Fabry disease, a rare genetic condition caused by GLA gene mutations, has two recognized forms: classic, which typically manifests in childhood or adolescence, and late-onset, generally beginning after age 30.
Classic Fabry is more severe, but the disease in both forms affects the heart, nervous system, and kidneys, often leading to life-threatening symptoms.
The disease is caused by mutations in the GLA gene, which provides the instructions for making the alpha-galactosidase A (Gal A) enzyme, responsible for breaking down a fatty substance called globotriaosylceramide (Gb3). The absence or markedly deficient activity of this enzyme in patients results in the progressive buildup of a Gb3, leading to organ damage and a wide range of serious symptoms.
Very little or no Gal A activity is associated with classic Fabry disease. Meanwhile, late-onset (or non-classic) Fabry is tied to some residual enzyme activity, which leads to the later symptoms and a milder disease course.
Causes of classic Fabry disease
More than 965 mutations in the GLA gene have been reported to cause Fabry. When such mutations result in little to no Gal A activity — characterized as less than 3% of normal activity — Gb3 builds up in most tissues. Specifically, Gb3 accumulates in their small blood vessels, beginning from a very young age, and leading to the classic subtype of the disease.
Individuals who preserve a higher level of enzyme activity — 3%–15% of normal — are able to break down some Gb3. This fatty molecule will still build up in tissues, but to a lesser extent and at a slower pace, resulting in milder symptoms that manifest only later in life.
Classic Fabry disease in males and females
Fabry disease is an X-linked disorder, meaning that the GLA gene is located on the X chromosome. Since males have only one X chromosome (inherited from the mother), those who inherit the mutated gene will have the disease.
It is estimated that 1 in 22,000–40,000 males will develop classic Fabry.
In females — who have two X chromosomes, one from the mother and one from the father — the typical presence of a healthy gene copy can compensate to a certain extent for the mutated copy. Thus, even if a female has a mutation associated with classic Fabry, the healthy gene copy can make enough enzyme to prevent the disease from manifesting or to make symptoms milder.
The frequency of classic disease in females is currently unknown.
Symptoms of classic Fabry disease
The first symptoms of classic Fabry typically appear in childhood or adolescence, and they worsen over time. The disease can affect many organs and cause a wide range of problems.
One of the early signs of classic Fabry is a sensation of severe burning pain in the hands and feet, called acroparesthesia. It typically appears during stressful conditions and may last hours. Other symptoms that usually appear early on are a decreased ability to sweat, known as anhidrosis, and the appearance of clusters of reddish or dark-blue spots on the skin, called angiokeratomas.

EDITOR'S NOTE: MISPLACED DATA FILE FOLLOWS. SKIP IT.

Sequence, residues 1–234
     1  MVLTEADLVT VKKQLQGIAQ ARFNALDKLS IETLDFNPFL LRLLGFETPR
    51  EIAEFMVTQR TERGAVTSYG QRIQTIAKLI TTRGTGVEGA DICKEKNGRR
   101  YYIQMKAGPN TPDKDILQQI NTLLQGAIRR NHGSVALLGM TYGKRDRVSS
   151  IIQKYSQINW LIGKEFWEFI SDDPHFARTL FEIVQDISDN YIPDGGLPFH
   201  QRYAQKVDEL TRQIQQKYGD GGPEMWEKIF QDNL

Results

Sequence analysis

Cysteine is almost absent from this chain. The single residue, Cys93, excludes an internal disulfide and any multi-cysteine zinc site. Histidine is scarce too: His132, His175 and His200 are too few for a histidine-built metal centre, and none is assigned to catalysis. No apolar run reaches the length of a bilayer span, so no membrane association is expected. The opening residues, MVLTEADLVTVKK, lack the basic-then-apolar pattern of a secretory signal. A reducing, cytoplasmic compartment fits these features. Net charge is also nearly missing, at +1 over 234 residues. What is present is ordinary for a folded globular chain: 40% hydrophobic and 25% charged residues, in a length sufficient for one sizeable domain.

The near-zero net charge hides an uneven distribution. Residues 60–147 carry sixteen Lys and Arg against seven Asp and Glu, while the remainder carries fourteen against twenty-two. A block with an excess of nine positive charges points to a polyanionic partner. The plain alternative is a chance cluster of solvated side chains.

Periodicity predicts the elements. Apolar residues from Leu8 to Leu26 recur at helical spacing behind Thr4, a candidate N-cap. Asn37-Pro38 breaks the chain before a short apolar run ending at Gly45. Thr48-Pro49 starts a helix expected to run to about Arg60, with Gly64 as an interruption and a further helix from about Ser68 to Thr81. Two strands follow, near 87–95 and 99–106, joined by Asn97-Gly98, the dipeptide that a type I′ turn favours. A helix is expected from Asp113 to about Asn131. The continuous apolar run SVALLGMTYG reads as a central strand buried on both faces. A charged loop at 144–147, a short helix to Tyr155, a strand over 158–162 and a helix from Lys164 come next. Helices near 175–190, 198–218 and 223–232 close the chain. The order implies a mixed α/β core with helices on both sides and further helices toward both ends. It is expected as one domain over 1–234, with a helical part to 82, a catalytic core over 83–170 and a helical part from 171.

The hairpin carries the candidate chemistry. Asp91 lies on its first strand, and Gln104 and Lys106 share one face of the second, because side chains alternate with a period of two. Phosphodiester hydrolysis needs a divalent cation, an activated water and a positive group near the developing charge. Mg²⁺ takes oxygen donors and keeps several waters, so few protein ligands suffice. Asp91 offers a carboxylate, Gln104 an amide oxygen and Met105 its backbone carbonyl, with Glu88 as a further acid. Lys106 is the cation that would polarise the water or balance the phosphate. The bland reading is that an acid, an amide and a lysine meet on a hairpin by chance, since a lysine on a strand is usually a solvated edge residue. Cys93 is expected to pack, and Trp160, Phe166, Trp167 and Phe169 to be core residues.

Patients can have gastrointestinal problems, such as diarrhea and constipation, early in their disease course, as well as frequent headaches, fatigue, and dizziness. Delayed puberty may occur in some patients. Individuals also may experience hearing loss. Males are more likely to develop depression.
With the progressive accumulation of Gb3, organs like the kidney, heart, and brain also become progressively damaged, leading to more severe problems.
Kidney disease may progress to kidney failure, particularly in males, who may require dialysis or a transplant, usually between the ages of 35 and 45. In females, kidney involvement is more variable, progressing to kidney failure in about 10%–15% of patients.
Typically around their 20s, males with classic Fabry begin experiencing heart symptoms such as irregular heartbeat (arrhythmia) and a malfunction in the mitral valve, leading to a backflow of blood in the left side of the heart. To ensure that enough blood is leaving the heart, muscles surrounding the heart chamber contract harder and become thicker than normal. This creates strain on the heart and may eventually lead to heart failure. These heart conditions also may occur in females, but normally start a decade later.
The accumulation of Gb3 in the brain’s small blood vessels may sometimes affect blood supply to that organ, resulting in a stroke. About 7% of males and 4% of females with classic Fabry experience a stroke, typically after their 40s.
Patients also can experience respiratory problems due to tissue scarring and remodeling in their lungs, and males sometimes experience swelling in their feet and legs due to excess lymph accumulation.
Last updated: Nov. 4, 2021
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